Hunger. It’s one of the most basic of human desires. And in the Bible it is one of the most important concepts related to salvation, faith, and one’s experience with God.
Physically, hunger and our attempts to fill our stomaches are experiences that unite all mankind. While experienced differently in famine-afflicted Africa or affluency-afflicted America, an “empty stomach” is something that speaks to everyone. We cannot go without food, and thus we search for something to fill us up and give us life.
Spiritually, the language of food, famine, eating, nourishment, and emptiness fills the Bible. From the plethora of fruit trees given to Adam and Eve in the Garden, to the Manna in the wilderness, to the loaves and fishes that Jesus provided for his followers, God has provided physical sustenance. At the same time, food has been a source of destruction—sin entered the world through eating the forbidden fruit; Esau lost his inheritance when he chose stew over his birthright, and Paul says that men ate and drank destruction on themselves when they wrongly ate the Lord’s Supper.
So clearly, food plays a key role in our physical and spiritual pursuit of God. At the same time, Scripture often speaks of eating metaphorically. Psalm 34:8 reads, “Taste and see that the Lord is God.” And Psalm 36:8 says that the children of man “feast on the abundance of your house, and you give them drink from the river of your delights.” Apparently, our experience with food—physical bread, meat, and drink—is meant by God to teach us what it means to feed on the Lord and drink from his streams of life.
Still, I suspect that for all we know about food, we may struggle to understand what it means to feed on the Lord. If God is Spirit (John 4:24), then how do we feed on him? And if he is invisible, where do we go to find fullness in him?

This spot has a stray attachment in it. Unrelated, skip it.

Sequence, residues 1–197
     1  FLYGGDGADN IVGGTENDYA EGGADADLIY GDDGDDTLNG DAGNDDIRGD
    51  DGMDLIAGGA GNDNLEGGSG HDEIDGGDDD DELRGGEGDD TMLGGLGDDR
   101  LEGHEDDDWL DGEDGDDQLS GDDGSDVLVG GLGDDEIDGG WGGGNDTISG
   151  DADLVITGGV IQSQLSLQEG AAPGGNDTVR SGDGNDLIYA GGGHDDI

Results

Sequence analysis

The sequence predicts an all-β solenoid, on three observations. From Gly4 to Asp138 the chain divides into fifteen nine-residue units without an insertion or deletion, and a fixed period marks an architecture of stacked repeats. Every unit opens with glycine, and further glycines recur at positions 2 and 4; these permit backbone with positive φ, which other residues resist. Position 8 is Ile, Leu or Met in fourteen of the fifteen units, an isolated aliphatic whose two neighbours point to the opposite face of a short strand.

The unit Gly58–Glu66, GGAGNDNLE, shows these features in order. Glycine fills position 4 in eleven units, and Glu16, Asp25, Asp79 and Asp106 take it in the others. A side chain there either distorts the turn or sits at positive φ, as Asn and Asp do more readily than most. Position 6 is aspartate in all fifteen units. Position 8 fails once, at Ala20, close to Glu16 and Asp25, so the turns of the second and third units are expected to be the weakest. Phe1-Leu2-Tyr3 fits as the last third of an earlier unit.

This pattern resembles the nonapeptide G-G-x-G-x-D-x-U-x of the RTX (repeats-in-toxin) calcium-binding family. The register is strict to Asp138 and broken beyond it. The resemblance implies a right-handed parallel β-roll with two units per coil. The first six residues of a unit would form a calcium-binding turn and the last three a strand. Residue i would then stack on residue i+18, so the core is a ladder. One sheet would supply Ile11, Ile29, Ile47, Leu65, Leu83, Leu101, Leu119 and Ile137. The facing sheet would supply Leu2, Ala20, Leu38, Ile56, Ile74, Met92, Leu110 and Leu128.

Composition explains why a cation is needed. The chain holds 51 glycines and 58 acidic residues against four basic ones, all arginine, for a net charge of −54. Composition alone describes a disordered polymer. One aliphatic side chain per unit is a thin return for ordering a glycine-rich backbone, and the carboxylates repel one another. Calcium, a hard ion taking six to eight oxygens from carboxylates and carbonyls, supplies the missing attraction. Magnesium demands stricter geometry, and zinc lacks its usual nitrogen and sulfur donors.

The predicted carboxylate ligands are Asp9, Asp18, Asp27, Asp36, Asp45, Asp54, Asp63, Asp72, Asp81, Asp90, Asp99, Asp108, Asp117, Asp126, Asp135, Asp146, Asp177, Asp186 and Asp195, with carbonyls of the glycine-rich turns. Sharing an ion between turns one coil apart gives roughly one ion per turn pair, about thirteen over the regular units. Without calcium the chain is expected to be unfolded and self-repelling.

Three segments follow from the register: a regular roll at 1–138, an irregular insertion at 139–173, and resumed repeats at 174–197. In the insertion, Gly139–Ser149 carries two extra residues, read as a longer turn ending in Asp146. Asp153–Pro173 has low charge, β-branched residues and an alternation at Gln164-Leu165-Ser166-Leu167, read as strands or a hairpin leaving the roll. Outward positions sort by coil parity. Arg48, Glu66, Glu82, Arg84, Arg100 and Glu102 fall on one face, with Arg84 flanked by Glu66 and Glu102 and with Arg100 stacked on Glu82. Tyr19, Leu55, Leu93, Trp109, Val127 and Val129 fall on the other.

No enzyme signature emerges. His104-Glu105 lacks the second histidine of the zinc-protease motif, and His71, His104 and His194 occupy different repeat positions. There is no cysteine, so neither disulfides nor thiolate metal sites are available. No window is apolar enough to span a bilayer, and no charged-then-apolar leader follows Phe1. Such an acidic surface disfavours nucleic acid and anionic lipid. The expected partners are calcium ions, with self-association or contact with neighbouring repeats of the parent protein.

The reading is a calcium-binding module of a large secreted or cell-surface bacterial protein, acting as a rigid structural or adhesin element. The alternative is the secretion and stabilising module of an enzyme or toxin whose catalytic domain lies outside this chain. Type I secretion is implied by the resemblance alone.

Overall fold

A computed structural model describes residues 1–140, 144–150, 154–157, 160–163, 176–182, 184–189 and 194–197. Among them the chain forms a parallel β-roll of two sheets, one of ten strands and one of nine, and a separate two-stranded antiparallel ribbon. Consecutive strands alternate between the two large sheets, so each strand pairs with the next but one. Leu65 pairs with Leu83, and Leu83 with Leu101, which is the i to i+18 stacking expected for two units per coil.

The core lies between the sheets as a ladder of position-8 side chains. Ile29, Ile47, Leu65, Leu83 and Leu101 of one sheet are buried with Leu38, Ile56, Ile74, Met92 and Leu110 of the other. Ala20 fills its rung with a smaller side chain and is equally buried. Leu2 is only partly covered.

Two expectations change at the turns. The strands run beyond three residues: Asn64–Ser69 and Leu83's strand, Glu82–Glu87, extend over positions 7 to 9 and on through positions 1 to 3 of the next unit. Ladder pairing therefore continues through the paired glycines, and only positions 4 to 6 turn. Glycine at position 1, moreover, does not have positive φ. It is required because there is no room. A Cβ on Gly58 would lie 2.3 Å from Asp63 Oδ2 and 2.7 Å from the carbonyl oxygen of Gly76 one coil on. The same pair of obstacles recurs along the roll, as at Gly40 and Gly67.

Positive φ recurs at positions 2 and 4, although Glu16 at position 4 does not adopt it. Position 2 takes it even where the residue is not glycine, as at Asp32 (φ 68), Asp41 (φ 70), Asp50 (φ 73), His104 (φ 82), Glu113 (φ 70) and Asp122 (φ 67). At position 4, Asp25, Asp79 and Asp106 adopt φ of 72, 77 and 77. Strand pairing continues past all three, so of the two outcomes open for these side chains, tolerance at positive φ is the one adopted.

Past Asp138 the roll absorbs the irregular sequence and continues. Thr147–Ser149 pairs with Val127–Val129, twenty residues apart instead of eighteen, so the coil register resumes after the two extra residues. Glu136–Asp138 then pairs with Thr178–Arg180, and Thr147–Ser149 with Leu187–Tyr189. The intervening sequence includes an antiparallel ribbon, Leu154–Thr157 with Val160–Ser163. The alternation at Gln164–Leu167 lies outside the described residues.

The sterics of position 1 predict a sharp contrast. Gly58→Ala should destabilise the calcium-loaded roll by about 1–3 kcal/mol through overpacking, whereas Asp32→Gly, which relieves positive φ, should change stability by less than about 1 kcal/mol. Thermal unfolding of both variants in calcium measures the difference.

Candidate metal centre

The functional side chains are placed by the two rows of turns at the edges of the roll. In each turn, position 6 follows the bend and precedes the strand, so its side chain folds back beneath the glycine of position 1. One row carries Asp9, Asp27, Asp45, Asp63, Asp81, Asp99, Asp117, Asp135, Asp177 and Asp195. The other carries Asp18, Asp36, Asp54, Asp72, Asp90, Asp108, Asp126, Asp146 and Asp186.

Just this last week, I preached a message on feeding on the Lord. My repeated command: Feed on the goodness and grace of God. But how? I can imagine someone saying, “That’s sounds great, but what does that mean?” So here is my answer to that question: What does it mean to feed on the God who is invisible?
Three Things to Know: God is a Living Bread, Faith is a Kind of Feeding, and Scripture is a Nourishing Word
In order to understand what it means to feed on the Lord, there are three things to know and one thing do.
1. A Living Bread
At the risk of sounding crass, it is important to see how much the Bible speaks of food when it comes to seeking God. Truly, this is what John Calvin called God’s “accommodation.” God speaks to us in a way that we—creatures who depend on food—can understand. Like a mother speaks to her nursing child, God speaks “baby talk” to us. And part of that baby talk is an invitation to come and eat.
Literally, God is the one who provides food for his people and all creation (see Psalm 104). In Psalm 81:10 Yahweh defines himself as the God of redemption who feeds his people: “I am the Lord your God, who brought you up out of the land of Egypt. Open your mouth wide, and I will fill it.” Likewise, Jesus teaches his disciples to pray for daily bread (Matthew 6:11). Lest we over-spiritualize Jesus’ words, we are called to come to God seeking our daily provision: “feed me with the food that is needful for me” (Proverbs 30:8).
Metaphorically, Jesus calls himself “the bread of life” (John 6:35, 48) and the source of living water (John 4:13–14; 7:37-39). In context, Jesus uses images from Israel’s past to explain his identity. Just as God fed Israel in the wilderness and provided water for them in a dry land, so Jesus came to be God with us (Immanuel), the Divine Shepherd who would die for his sheep (John 10:11). In fact, Jesus goes so far as to say,
So Jesus said to them, “Truly, truly, I say to you, unless you eat the flesh of the Son of Man and drink his blood, you have no life in you. Whoever feeds on my flesh and drinks my blood has eternal life, and I will raise him up on the last day. For my flesh is true food, and my blood is true drink. Whoever feeds on my flesh and drinks my blood abides in me, and I in him. As the living Father sent me, and I live because of the Father, so whoever feeds on me, he also will live because of me. This is the bread that came down from heaven, not like the bread the fathers ate, and died. Whoever feeds on this bread will live forever.” (John 6:53–58).